The NHL was not going to have it again.
Just over one year after Raffi Torres was suspended for a vicious hit on Chicago Blackhawks forward Marian Hossa, he was again suspended again for a far lesser hit on the Los Angeles Kings’ Jarret Stoll.
Torres was suspended for the remainder of the series Thursday, and Stoll will likely miss Game 2 in Los Angeles.
Here is the official announcement from the NHL:
San Jose Sharks forward Raffi Torres has been suspended for the remainder of the Western Conference Semifinals for an illegal hit to the head of Los Angeles Kings forward Jarret Stoll during Game 1 of the series in Los Angeles on Tuesday, May 14, the National Hockey League’s Department of Player Safety announced today.
The incident occurred at 19:02 of the second period. Torres was assessed a minor penalty for charging. Under the terms of the Collective Bargaining Agreement, Torres is considered a repeat offender.
The “repeat offender” part of the announcement appears to be the real reason behind the suspension. Although the result was not what anyone intended, Torres did not leave his feet, nor did he intend to strike the head of Stoll.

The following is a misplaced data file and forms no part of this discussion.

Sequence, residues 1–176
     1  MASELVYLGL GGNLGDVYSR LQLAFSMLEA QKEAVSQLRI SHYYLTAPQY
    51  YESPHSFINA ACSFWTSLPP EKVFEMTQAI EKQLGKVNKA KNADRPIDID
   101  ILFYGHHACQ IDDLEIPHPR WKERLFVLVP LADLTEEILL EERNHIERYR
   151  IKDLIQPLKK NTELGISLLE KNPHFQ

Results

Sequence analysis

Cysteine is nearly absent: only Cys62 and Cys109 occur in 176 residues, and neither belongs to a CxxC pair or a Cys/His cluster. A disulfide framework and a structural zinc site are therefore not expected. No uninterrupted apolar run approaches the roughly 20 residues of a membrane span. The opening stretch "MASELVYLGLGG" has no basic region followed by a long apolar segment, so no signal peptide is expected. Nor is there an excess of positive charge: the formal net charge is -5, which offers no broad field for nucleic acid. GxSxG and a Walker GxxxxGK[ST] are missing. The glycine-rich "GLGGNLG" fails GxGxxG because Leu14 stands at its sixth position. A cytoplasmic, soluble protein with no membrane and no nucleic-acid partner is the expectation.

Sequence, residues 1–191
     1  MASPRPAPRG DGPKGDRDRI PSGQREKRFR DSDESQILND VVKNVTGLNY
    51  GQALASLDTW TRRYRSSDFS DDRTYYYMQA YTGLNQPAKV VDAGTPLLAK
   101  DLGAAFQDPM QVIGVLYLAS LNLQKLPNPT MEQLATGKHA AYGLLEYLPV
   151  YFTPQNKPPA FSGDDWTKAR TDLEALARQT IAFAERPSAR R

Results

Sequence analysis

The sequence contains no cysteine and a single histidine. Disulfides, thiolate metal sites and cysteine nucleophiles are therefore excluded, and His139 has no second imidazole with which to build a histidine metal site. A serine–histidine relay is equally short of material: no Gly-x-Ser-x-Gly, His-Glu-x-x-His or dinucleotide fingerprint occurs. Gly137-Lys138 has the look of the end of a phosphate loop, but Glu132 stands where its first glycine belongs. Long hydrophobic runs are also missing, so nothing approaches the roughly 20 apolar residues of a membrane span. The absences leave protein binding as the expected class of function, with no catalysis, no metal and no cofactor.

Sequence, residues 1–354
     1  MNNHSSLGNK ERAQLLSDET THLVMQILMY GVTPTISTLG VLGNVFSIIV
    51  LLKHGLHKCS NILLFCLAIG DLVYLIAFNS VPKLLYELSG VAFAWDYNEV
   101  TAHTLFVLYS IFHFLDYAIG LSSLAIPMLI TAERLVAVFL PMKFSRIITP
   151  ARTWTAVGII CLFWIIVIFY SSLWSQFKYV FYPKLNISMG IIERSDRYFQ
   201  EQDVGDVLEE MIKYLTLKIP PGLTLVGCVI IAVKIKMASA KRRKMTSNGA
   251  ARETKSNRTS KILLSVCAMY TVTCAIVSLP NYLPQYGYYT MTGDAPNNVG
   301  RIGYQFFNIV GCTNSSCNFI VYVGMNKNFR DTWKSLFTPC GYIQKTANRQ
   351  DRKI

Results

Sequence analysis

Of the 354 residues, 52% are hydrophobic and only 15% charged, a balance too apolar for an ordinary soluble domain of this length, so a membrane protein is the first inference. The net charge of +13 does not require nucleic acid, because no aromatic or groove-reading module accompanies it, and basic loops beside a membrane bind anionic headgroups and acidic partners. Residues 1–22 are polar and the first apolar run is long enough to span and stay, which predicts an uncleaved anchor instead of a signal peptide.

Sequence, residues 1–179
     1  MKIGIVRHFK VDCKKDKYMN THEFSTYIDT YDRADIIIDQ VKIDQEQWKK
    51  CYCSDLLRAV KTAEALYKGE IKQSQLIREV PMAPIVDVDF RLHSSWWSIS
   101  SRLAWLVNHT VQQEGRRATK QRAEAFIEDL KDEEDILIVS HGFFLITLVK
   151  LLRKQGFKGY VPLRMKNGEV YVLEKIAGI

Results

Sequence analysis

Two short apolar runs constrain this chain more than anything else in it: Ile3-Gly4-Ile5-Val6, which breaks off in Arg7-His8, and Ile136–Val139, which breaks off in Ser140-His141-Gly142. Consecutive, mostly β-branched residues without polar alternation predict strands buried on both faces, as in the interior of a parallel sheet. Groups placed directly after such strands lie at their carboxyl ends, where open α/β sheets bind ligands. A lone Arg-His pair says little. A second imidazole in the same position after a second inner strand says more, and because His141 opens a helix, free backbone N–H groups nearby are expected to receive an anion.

Should Raffi Torres have been suspended?
The hit was simply playoff hockey at its finest: a gritty hit on a defenseless player who was careless in his awareness on the ice for just a split second. It cost Stoll at least a game away from competition, but left Torres without a say in the series at all.
The Sharks caught the far worse end of it, though.
Torres' reputation as a dirty player factored into his suspension. Even after he declared himself a changed man on the ice, his past comes back to bite him, and it will bite the Sharks as well.
San Jose is now behind the eight ball in the series against the surging Kings, who are finding their stride at the right time. Los Angeles shut out the Sharks in Game 1 behind a stellar performance from goalie Jonathan Quick, who has suddenly returned to lockdown mode between the pipes.
Torres gave the Sharks a gritty player that every opponent had to pay attention to when on the ice. Now without him, they will have to look elsewhere for someone who can apply the same intense pressure to the opposing team.
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